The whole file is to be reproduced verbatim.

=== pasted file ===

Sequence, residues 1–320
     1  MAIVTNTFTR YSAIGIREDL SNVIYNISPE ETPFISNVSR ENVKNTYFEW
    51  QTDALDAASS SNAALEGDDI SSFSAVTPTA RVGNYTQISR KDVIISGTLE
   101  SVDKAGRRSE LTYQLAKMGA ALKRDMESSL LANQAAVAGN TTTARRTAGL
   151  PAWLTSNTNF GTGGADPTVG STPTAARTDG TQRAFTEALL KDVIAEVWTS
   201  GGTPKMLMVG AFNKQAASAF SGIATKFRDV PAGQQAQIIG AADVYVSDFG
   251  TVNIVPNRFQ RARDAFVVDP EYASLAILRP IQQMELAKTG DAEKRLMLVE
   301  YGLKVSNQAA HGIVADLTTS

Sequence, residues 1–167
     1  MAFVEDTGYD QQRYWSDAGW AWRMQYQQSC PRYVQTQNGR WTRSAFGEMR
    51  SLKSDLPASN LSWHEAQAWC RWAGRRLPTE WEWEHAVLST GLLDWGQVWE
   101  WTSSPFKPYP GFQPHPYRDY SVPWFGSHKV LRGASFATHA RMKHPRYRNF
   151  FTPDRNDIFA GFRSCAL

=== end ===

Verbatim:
Sequence, residues 1–320
     1  MAIVTNTFTR YSAIGIREDL SNVIYNISPE ETPFISNVSR ENVKNTYFEW
    51  QTDALDAASS SNAALEGDDI SSFSAVTPTA RVGNYTQISR KDVIISGTLE
   101  SVDKAGRRSE LTYQLAKMGA ALKRDMESSL LANQAAVAGN TTTARRTAGL
   151  PAWLTSNTNF GTGGADPTVG STPTAARTDG TQRAFTEALL KDVIAEVWTS
   201  GGTPKMLMVG AFNKQAASAF SGIATKFRDV PAGQQAQIIG AADVYVSDFG
   251  TVNIVPNRFQ RARDAFVVDP EYASLAILRP IQQMELAKTG DAEKRLMLVE
   301  YGLKVSNQAA HGIVADLTTS

Sequence, residues 1–167
     1  MAFVEDTGYD QQRYWSDAGW AWRMQYQQSC PRYVQTQNGR WTRSAFGEMR
    51  SLKSDLPASN LSWHEAQAWC RWAGRRLPTE WEWEHAVLST GLLDWGQVWE
   101  WTSSPFKPYP GFQPHPYRDY SVPWFGSHKV LRGASFATHA RMKHPRYRNF
   151  FTPDRNDIFA GFRSCAL